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Updated: Friday, September 15, 2006

 
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July 4th, 2006
Plymouth, MA
Parade and Festival!

 

Manitou Springs, Colorado

Sitting at the base of Pike's Peak, Manitou Springs is a small, closely-knit alternative town clinging to the mountainside. Our friends there have a snug and inviting, 24-hour café called the Maté Factor, located at the edge of Soda Springs Park. It was in this park they hosted a festival and invited people from the surrounding area.

As expected there were tasty foods and drinks, music and dancing, but the conversations at the lecture tent and open forum tent were the highlight of the day as many guests boldly voiced an array of opinions about what they think are the solution to society's ills. It was so encouraging people had the freedom to express themselves and not allow their human voices to be silenced (although some zealous people had to be encouraged to let others have a turn). When we sang in a huge circle at the end of the day, there were still many guests present. Our friends, old and new, were visibly affected and you could watch their eyes move around the circle, looking intently at each face with rapt interest. As in Nelson, we got the impression that the locals realized their Twelve Tribe friends were not only nice people who ran a pleasant café, but were part of a bigger picture than they had previously thought; or maybe had even reinforced their sense or understanding that there is an emerging culture coming about.

 

It was in Manitou Springs at the end of the festival, the Merrymakers from the California communities were to head back west. "Oh, how will we finish the tour without them?" we lamented. We had been so appreciative of our time on the road together..... we would miss them immensely.

While traveling in Colorado we noticed Peacemaker I was smoking from the exhaust more than what is normal for a diesel bus. On investigation it appeared one or two of the engine injectors were bad and needed to be replaced. Hoping to be able to get into a bus/truck garage for repairs we were told by every garage called that they couldn't get to it for a few days. So, a couple of brothers stayed in Manitou Springs to do the repairs and would catch up to us in Weaubleau, Missouri.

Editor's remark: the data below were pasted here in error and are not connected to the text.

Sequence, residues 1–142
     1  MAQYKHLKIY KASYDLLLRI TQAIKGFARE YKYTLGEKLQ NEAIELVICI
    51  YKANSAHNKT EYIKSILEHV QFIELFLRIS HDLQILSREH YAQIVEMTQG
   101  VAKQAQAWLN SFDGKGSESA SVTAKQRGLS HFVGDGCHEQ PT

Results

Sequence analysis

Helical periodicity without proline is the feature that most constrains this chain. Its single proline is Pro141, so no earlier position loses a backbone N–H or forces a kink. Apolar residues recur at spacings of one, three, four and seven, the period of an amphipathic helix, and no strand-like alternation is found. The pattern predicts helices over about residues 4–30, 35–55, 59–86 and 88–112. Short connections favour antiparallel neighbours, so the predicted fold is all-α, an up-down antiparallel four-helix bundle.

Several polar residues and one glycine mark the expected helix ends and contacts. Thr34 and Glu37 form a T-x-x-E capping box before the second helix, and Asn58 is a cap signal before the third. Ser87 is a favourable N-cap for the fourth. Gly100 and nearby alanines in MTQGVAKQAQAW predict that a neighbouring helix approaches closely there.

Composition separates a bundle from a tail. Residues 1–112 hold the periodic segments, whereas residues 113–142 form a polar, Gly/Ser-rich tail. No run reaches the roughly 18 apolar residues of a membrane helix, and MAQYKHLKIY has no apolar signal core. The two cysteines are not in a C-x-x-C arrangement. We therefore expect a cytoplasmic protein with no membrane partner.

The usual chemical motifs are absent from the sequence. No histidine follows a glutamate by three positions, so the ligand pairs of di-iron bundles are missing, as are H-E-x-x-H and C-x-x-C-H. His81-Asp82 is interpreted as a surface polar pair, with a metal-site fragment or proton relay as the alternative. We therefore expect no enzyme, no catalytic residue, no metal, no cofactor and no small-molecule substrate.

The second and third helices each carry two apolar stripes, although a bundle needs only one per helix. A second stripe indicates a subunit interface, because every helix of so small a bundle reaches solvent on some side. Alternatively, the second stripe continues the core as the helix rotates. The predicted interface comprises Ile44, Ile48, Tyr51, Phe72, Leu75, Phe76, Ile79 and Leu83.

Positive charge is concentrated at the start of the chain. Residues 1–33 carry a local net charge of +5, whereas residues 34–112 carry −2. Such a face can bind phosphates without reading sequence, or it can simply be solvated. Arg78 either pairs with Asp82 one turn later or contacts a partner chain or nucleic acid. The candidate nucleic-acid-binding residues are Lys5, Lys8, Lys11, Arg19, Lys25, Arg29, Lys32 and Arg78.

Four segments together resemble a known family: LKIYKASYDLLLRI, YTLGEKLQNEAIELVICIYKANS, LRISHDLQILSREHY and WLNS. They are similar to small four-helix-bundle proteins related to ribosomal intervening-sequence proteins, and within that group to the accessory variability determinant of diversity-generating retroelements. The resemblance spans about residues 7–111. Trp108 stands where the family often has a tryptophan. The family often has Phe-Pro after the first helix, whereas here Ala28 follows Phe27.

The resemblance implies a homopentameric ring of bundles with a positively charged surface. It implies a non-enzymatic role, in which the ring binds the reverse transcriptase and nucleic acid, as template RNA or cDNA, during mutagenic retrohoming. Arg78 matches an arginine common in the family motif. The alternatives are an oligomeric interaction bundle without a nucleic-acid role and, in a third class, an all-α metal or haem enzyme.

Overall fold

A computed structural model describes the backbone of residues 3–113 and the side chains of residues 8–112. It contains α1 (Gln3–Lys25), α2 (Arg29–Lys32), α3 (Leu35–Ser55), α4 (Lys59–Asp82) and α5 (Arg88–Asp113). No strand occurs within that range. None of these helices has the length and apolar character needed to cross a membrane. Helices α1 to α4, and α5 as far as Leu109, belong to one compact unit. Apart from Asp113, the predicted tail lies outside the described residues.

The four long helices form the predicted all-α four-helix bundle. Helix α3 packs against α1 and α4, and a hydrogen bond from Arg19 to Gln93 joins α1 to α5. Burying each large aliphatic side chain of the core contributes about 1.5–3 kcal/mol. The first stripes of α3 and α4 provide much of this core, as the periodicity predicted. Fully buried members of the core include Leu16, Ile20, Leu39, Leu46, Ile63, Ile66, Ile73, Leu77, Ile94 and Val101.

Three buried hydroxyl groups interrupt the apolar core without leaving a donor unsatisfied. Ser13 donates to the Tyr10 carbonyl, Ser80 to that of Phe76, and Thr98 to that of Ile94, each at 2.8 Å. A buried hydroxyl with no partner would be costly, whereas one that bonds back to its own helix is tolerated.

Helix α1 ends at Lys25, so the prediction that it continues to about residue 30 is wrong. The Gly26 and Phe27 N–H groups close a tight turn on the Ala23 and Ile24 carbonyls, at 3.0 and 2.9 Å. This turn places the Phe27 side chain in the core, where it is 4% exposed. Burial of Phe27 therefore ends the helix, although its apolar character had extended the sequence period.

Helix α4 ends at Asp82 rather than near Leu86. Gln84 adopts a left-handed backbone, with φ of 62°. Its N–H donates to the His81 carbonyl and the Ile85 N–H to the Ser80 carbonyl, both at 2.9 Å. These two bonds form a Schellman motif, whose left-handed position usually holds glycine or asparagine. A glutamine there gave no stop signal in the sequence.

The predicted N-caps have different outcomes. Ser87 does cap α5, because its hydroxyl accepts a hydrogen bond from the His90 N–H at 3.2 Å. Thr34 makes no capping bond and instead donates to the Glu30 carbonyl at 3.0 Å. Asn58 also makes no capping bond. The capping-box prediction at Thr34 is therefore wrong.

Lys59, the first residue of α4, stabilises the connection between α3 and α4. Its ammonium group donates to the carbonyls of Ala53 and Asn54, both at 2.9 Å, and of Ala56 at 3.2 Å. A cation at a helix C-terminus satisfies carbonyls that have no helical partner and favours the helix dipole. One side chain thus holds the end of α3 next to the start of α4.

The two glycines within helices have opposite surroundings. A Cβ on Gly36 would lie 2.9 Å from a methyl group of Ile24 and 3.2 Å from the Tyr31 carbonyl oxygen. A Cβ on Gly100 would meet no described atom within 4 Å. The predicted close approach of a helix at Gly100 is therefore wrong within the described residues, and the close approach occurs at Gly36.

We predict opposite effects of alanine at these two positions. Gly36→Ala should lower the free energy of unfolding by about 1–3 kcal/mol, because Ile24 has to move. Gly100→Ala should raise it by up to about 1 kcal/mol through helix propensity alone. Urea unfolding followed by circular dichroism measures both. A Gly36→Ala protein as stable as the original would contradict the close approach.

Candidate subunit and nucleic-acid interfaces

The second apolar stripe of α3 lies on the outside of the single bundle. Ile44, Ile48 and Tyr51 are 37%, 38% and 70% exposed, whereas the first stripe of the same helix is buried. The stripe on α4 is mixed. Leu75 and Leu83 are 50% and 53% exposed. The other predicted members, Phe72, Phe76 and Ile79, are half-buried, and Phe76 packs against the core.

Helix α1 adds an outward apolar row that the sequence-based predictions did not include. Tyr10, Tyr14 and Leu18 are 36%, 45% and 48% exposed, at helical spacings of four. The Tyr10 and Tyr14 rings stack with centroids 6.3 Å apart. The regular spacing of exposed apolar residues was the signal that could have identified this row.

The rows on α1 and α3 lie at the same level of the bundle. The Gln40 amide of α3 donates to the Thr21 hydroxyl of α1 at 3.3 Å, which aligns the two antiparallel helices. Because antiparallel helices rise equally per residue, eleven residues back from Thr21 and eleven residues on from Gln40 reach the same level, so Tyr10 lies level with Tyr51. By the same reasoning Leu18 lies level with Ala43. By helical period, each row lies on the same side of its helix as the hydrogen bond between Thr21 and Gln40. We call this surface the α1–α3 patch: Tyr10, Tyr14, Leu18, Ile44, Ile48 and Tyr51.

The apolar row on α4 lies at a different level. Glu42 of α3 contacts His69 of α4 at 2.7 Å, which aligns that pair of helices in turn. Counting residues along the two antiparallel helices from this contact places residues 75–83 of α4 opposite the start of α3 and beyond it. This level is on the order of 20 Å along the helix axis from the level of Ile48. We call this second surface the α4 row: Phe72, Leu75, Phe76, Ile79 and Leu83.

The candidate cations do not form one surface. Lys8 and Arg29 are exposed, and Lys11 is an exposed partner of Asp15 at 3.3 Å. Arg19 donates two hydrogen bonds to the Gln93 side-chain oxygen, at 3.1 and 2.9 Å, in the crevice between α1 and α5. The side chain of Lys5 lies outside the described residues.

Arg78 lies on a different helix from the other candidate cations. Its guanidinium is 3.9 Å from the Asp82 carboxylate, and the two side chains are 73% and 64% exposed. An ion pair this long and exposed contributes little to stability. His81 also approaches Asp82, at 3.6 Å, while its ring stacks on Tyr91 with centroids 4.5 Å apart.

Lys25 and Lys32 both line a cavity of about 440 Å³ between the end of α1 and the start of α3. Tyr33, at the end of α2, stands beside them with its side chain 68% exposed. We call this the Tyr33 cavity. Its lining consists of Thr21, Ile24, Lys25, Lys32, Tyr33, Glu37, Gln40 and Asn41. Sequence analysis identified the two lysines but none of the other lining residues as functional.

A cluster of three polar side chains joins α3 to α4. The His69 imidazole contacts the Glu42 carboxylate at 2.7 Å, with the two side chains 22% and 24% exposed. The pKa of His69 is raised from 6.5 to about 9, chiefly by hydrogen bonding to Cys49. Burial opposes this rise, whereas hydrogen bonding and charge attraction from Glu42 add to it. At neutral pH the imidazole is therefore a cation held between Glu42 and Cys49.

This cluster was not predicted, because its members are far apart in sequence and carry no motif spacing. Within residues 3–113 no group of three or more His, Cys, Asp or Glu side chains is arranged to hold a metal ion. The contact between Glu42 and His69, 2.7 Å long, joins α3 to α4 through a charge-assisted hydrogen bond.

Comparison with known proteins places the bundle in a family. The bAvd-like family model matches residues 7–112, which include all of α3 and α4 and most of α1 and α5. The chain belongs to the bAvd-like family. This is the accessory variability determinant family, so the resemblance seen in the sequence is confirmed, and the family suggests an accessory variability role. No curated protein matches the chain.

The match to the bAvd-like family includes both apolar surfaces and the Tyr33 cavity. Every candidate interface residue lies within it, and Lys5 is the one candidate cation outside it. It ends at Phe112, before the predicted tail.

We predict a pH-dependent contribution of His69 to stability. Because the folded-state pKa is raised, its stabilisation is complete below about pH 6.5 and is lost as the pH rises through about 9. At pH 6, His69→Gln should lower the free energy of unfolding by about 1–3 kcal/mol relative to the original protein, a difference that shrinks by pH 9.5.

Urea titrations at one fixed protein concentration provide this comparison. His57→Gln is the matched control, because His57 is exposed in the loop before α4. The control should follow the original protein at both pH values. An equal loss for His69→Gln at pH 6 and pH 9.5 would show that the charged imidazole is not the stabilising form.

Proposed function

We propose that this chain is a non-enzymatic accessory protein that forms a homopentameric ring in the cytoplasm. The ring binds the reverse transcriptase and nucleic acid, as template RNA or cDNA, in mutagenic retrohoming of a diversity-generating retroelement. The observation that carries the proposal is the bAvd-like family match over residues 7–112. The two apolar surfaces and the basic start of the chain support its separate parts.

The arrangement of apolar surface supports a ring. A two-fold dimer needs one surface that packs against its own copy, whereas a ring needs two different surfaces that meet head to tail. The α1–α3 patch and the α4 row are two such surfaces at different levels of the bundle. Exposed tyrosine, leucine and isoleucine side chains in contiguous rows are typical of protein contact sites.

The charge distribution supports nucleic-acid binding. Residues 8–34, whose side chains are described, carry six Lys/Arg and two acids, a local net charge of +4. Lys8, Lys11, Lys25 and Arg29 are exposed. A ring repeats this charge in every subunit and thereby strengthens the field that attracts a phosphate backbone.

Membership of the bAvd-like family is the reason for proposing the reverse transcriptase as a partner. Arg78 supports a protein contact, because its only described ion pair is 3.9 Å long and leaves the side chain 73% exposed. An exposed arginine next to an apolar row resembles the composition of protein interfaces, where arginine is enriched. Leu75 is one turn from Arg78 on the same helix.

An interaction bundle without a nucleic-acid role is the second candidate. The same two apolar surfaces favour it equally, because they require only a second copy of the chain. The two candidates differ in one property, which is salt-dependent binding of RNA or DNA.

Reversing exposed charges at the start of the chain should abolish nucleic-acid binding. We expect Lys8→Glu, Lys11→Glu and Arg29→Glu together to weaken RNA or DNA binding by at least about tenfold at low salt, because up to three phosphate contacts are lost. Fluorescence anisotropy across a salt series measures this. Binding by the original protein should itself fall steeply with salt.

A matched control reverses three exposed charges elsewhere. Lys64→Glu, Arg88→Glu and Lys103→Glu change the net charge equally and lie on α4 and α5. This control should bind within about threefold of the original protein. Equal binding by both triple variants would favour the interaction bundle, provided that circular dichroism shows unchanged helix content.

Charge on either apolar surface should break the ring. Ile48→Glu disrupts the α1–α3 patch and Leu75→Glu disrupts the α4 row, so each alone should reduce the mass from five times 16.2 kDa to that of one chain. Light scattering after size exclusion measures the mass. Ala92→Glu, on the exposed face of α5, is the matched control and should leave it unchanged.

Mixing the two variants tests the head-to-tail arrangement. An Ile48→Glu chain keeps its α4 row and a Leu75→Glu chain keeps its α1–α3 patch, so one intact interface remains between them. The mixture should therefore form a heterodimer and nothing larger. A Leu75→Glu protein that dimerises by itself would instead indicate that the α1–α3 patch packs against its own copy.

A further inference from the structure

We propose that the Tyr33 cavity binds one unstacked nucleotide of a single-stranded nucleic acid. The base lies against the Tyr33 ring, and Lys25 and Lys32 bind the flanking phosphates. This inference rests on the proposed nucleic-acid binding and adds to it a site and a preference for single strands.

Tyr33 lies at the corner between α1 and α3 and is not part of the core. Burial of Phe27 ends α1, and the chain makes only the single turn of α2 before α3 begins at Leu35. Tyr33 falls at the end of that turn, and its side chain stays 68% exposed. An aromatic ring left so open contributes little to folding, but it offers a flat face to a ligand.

Weaubleau, Missouri

May 24th, 2006

The festival in Weaubleau was a pleasant change in pace as this beautiful, rural farming area isn't quite as densely populated as the other places we have been on tour.   Our brothers here have a beautiful, organic farm down in the Ozarks region. Fortunately, on the festival day, there was a strong breeze to moderate the heat.

Many older friends, who have lived in this farming area all their lives, came to the festival. These farmers are the 'salt of the earth' in this area and the community at the Stepping Stone farm is very thankful for their kind and gentle ways.   Although we look a little different, they respect our values and conscientiousness and have been very generous with their farming experience.

As in areas all across the country we are meeting people who are more and more disillusioned with Christianity and have moved into rural areas to try and raise their families away from the bad influences of the world. We continued to hear people say they are losing hope in the world 'becoming a better place' and are even distancing themselves from organized religion. It seems some of these conservative Christians are sensing the coming alliance between "church and state' and are pulling away from formal church attendance. When we speak of God desiring a people who are going back to the original roots of the faith, many are open to listening. There are so many sincere people, tucked in out-of-the-way places, who really want to live a life pleasing to their Creator. We are thankful we could travel across the country and have opportunity to meet them.

Asheville, North Carolina

May 27th-29th, 2006

Joining us on the outskirts of Asheville, we were so grateful to have Peacemaker l with us again. It had been a long, hot trip but the caravan rolled into town on schedule. The community here in Asheville had organized a huge 3-day event in Pack Square ....right in the heart of the downtown.

Asheville is an amazingly unique place. It is a small city that strives to keep a 'town' kind of feel. There are many diverse groups (Christians, tourists, alternatives, artists...) that co-mingle through out the town in a very social kind of atmosphere - especially in the evenings. Every Friday night the city allows a 'drum circle' of anywhere from 100 to 300 people right in the middle of downtown where young or old, rich or poor, local or tourist, conjugate. Asheville is a place where really nobody stands out as looking or being unusual.

This is largest gathering of Merrymakers we have had thus far which is only fitting for the finale of the tour.   Brothers and sisters have joined the original bus crews from Hillsboro, Virginia; Chattanooga, Tennessee and Brunswick and Savannah, Georgia, and the community here in Asheville. There are many musicians who have been drawing crowds of up to 200 in the evenings with Israeli folk music, Celtic, and blue-grass. People have been joining us in dance, coming on the buses and sitting and listening to the music. The open-forum tent has been crowded and buzzing with topics of interest. Again and again we say we are thankful to have the freedoms in this country to demonstrate a taste of our lives to those who have never met us. Again and again, we are thankful for the kind town officials and police who graciously make room for us.  

            More of the Asheville event coming soon....

Merrymakers\' Caravan

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